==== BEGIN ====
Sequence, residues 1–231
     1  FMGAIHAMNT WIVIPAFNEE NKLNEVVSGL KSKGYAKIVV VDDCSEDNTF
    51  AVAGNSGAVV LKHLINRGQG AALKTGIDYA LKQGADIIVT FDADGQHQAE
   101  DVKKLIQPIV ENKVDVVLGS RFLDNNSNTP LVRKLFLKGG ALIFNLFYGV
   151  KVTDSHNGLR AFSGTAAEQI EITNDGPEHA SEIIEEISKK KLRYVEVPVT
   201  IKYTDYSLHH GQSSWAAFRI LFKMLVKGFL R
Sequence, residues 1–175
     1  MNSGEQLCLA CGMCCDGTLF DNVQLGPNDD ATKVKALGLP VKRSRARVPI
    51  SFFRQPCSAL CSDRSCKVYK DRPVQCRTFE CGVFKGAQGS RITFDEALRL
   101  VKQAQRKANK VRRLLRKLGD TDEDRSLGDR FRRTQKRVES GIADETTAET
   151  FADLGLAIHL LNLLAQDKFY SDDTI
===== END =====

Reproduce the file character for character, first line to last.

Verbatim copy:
Sequence, residues 1–231
     1  FMGAIHAMNT WIVIPAFNEE NKLNEVVSGL KSKGYAKIVV VDDCSEDNTF
    51  AVAGNSGAVV LKHLINRGQG AALKTGIDYA LKQGADIIVT FDADGQHQAE
   101  DVKKLIQPIV ENKVDVVLGS RFLDNNSNTP LVRKLFLKGG ALIFNLFYGV
   151  KVTDSHNGLR AFSGTAAEQI EITNDGPEHA SEIIEEISKK KLRYVEVPVT
   201  IKYTDYSLHH GQSSWAAFRI LFKMLVKGFL R
Sequence, residues 1–175
     1  MNSGEQLCLA CGMCCDGTLF DNVQLGPNDD ATKVKALGLP VKRSRARVPI
    51  SFFRQPCSAL CSDRSCKVYK DRPVQCRTFE CGVFKGAQGS RITFDEALRL
   101  VKQAQRKANK VRRLLRKLGD TDEDRSLGDR FRRTQKRVES GIADETTAET
   151  FADLGLAIHL LNLLAQDKFY SDDTI